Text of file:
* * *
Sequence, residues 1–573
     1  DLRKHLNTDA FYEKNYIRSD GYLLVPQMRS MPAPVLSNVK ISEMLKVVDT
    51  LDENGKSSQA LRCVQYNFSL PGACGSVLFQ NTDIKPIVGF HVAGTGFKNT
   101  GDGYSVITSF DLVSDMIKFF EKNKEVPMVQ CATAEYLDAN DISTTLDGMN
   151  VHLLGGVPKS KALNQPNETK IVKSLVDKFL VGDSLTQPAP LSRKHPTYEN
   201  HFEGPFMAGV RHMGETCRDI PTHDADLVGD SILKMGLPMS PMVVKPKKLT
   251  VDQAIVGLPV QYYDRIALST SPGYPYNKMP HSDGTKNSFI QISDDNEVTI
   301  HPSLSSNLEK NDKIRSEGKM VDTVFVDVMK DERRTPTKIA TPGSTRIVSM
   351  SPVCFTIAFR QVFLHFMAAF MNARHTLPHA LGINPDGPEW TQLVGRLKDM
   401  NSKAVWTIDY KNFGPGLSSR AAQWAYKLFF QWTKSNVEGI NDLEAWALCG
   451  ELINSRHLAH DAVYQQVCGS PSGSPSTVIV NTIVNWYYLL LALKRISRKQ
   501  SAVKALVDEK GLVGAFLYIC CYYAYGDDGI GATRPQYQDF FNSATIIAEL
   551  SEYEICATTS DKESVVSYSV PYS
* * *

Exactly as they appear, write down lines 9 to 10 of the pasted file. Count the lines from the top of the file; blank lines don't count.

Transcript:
   351  SPVCFTIAFR QVFLHFMAAF MNARHTLPHA LGINPDGPEW TQLVGRLKDM
   401  NSKAVWTIDY KNFGPGLSSR AAQWAYKLFF QWTKSNVEGI NDLEAWALCG